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Volume 4 Number 26:  27 June 2001

Temperature Record of the Week
This issue's Temperature Record of the week is from Corpus Christi, Texas. Visit our U.S. Climate Data section to plot and view these data for yourself.

Current Editorial
The Art of Swallowing Camels: Just how gullible is the man on the street?  How wide will he open his mouth in response to the mess of pottage being offered him by the powers that pull the strings of the IPCC?  They’re betting it’s wide enough to swallow their entire catastrophe theory: hook, line and sinker.  We’re betting they’re wrong.

Subject Index Summaries
Grasslands (Biomass – Whole Communities): A review of the recently published scientific literature suggests that earth’s grassland communities will respond positively to increases in the air’s CO2 content by producing more biomass, thereby inducing a negative feedback phenomenon that should help to slow the rate-of-rise of the atmosphere’s CO2 concentration as some of the extra biomass is incorporated into the soils of the grassland ecosystems.

Marine Biota: Can they take the heat of global warming?  Climate alarmists say no.  Will more CO2 help or hurt?  Climate alarmists say hurt.  Real-world observations, on the other hand, tell a very different story.

Current Journal Reviews
A 1000-Year Record of Spring Sea Ice Conditions in Baffin Bay: The long view of history provides a valuable perspective for the smaller-scale fluctuations of the recent past.

Temporal Trends in Thunderstorms: Does increasing urbanization influence thunderstorm frequencies?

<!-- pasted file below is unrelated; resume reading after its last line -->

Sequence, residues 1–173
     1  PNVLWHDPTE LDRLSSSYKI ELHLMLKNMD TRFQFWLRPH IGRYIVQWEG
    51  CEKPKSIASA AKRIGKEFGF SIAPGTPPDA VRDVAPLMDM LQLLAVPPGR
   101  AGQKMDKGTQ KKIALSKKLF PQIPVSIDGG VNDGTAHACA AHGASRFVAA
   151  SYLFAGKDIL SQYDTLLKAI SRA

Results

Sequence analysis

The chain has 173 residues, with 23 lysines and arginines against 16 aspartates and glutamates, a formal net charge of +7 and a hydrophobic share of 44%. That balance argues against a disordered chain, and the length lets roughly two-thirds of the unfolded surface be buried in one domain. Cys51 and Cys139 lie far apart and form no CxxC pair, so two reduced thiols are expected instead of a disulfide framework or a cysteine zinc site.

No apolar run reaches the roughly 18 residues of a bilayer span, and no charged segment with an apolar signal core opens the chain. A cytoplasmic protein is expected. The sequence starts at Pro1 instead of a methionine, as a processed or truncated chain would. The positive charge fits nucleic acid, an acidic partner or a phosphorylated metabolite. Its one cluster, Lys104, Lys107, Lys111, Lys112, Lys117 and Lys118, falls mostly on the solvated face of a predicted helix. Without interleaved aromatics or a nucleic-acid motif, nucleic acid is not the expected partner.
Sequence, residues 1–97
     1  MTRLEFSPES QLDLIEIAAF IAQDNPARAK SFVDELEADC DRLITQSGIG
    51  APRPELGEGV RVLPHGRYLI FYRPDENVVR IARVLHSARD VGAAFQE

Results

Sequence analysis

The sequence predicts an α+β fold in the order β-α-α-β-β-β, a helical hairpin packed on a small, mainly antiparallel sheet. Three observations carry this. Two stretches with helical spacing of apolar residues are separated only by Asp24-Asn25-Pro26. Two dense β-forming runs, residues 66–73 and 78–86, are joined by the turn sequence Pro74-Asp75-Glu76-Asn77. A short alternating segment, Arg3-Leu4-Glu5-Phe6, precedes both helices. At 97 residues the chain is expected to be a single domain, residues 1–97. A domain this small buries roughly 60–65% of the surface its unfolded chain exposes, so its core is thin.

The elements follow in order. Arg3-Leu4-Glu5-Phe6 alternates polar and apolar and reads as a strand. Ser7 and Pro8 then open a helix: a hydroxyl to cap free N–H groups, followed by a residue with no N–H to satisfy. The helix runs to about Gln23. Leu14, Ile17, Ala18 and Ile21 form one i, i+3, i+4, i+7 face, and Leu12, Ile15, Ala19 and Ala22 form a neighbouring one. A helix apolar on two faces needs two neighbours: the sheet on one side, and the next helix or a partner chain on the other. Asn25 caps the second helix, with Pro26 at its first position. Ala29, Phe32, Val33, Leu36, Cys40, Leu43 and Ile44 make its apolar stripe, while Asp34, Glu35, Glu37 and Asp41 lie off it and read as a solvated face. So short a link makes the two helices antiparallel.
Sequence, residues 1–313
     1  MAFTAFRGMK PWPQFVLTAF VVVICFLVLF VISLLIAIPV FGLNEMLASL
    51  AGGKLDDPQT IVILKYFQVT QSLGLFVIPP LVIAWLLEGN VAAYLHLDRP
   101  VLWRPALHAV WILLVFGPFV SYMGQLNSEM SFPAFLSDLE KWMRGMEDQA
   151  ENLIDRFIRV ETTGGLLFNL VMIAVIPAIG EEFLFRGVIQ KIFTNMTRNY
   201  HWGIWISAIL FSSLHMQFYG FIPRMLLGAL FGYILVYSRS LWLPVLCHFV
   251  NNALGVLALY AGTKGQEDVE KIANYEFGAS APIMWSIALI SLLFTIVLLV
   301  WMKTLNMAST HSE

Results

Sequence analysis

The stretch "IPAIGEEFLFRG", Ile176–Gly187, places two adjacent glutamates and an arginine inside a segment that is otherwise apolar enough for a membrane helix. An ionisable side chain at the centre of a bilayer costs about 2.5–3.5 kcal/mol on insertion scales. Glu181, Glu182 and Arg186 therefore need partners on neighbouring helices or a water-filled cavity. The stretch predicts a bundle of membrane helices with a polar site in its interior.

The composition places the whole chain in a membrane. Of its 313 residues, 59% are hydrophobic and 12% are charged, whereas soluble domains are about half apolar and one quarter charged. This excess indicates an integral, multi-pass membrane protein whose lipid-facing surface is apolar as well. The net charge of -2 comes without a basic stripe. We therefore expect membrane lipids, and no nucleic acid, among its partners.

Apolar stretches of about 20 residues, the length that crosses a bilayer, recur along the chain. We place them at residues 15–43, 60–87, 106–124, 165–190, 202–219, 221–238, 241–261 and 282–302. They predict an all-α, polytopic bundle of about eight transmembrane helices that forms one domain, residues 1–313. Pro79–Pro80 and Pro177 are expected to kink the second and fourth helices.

Effects of Elevated CO2 and O3 on Belowground Carbon Cycling in Aspen and Birch Stands: It has been predicted that both atmospheric CO2 and O3 concentrations will continue to increase in the future.  How will these phenomena interact to influence soil carbon storage within forest soils?  A recent experiment provides some answers.

Effects of Elevated CO2 on Model Grasslands of the Semi-arid Negev of Israel: Will grasslands in semi-arid regions respond positively to increases in the air’s CO2 content?  The results of an interesting experimental study that investigated this very question suggests that they will, and that they will thus sequester more carbon in the soils upon which they grow.

Effects of Elevated CO2 and O3 on Photosynthesis in Aspen Clones: Elevated tropospheric ozone concentrations often reduce photosynthetic rates and deleteriously affect other physiological processes in plants.  Can enriching the air with CO2 reduce the negative effects of this noxious air pollutant on photosynthesis in aspen seedlings?